Which makes me think that this would be a cool side bar thing for you to do! You should keep up there what you have read aloud (and liked) and what Ella is reading. Then I (and others) can just copy you!

  10. I appreciate how thorough you and Mark are in selecting what your children read! It only takes a few seconds with our children reading the wrong thing, watching the wrong thing, or talking to the wrong people for their innocence and purity to be shattered forever. Are we guilty of sheltering our children? You bet!

  11. Stacy,

    I really enjoyed your post and the comments that have followed. As a mommy of little children, I am thankful that usually the "signs" that a book is not one we should take home from the library are pretty clear; disobedient kids and parents who don't discipline them or unkindness towards siblings. I get so excited when I find a "new baby at our house" type of book in which the siblings are excited about and loving towards their new baby.

    I do look forward to those times when I can, together with my kids, discuss the possibly sinful attitudes and actions of the characters we may read about in a way that helps prepare them for what they may encounter as they grow older. When we read books that talk about dinosaurs I often hear the boys telling eachother "Well, the book says that millions and millions of years ago life began on the Earth but that is not what the Bible says." We have discussed that not all things we read in books are true.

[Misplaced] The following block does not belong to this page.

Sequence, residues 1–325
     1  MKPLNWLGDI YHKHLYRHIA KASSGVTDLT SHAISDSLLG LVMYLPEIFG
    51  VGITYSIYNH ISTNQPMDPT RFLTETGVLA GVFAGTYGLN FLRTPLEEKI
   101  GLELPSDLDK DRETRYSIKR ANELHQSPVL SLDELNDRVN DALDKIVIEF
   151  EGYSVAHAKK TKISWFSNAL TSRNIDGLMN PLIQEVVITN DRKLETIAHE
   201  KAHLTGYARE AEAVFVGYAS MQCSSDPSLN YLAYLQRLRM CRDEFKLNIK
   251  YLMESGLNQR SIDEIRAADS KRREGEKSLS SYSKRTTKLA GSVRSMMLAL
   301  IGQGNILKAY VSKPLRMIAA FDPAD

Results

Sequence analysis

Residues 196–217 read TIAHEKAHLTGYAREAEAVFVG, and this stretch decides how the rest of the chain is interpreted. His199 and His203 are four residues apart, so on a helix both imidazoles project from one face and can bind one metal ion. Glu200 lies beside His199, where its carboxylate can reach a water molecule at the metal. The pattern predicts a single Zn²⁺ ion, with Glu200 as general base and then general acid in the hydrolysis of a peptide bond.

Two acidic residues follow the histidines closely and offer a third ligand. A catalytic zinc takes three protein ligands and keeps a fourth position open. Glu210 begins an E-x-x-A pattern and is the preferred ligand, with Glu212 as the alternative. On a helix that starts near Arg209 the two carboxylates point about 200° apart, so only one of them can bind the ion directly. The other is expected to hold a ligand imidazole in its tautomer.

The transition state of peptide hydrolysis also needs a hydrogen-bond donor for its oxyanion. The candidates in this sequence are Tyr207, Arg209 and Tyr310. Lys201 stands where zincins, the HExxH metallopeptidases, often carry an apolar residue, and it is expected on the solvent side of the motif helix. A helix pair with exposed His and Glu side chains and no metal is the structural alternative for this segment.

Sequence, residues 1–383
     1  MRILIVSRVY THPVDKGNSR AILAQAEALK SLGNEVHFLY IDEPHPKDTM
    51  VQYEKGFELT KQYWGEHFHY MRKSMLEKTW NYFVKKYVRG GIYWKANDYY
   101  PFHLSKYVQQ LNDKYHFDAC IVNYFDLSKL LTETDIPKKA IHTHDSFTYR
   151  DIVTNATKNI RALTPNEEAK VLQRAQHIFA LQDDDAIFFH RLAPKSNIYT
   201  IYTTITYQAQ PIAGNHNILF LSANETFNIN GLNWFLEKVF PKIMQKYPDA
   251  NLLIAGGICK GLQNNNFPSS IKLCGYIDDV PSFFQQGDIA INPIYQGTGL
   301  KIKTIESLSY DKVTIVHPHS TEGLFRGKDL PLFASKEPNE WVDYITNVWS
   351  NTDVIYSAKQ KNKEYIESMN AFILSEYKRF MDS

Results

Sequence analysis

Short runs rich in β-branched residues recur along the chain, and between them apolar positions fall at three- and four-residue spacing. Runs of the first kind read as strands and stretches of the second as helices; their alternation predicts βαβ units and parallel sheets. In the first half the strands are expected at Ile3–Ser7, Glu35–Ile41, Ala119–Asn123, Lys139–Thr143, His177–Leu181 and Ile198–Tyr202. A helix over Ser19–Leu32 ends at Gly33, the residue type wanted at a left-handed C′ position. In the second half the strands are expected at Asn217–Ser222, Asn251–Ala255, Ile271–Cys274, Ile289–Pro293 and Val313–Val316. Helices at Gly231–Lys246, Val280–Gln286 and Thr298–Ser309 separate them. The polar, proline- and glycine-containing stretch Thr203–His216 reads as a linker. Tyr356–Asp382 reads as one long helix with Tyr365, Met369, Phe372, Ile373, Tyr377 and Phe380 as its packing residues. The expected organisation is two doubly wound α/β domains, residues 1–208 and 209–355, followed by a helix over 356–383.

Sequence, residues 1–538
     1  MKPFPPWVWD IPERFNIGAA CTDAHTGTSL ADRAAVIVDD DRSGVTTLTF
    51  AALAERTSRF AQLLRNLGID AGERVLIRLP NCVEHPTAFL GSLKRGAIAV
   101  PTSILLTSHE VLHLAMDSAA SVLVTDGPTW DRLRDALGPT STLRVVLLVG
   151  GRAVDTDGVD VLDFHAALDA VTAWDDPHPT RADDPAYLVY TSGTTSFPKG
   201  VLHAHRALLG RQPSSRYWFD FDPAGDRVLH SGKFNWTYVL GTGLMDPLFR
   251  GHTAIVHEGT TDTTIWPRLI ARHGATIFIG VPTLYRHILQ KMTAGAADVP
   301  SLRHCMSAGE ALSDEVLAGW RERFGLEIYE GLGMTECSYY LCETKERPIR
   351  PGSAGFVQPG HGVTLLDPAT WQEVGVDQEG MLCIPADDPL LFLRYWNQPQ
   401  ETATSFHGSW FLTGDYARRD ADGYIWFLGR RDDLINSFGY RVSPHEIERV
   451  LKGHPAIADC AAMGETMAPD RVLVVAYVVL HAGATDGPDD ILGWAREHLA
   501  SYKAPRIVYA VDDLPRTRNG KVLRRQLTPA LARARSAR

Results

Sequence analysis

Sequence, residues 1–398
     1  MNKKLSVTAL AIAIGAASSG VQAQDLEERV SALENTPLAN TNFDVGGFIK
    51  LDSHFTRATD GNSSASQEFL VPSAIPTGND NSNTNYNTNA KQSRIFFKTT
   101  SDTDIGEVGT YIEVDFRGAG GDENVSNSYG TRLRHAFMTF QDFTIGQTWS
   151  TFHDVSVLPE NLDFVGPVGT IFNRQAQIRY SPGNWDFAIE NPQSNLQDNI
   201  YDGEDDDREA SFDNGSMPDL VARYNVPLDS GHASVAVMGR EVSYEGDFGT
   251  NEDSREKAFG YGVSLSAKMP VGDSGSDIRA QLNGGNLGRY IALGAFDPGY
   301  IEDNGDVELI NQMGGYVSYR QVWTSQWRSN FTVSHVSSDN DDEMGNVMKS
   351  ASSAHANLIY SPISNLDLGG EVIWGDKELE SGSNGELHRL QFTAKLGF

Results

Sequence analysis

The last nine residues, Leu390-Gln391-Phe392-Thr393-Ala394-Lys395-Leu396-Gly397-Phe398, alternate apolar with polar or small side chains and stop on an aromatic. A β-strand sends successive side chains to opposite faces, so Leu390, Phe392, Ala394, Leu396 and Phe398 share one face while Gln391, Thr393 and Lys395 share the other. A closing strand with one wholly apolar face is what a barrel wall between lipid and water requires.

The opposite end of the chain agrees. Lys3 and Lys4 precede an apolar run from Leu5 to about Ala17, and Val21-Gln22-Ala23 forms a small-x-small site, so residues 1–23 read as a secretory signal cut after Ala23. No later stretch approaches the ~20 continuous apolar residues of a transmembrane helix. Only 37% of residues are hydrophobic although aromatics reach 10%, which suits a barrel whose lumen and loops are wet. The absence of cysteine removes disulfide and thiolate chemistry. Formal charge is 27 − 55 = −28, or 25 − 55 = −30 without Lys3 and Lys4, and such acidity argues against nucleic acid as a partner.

Daniel has reached the chapter book stage and devours anything that catches his interest. Like Amy suggested, it would be great to have a sidebar type thing in which you could keep a list of approved reading!

    Thinking about this stuff and all the wisdom I lack makes me so thankful that our resource for wisdom is our Father in heaven "who gives to all liberally and without reproach." (James 1:5)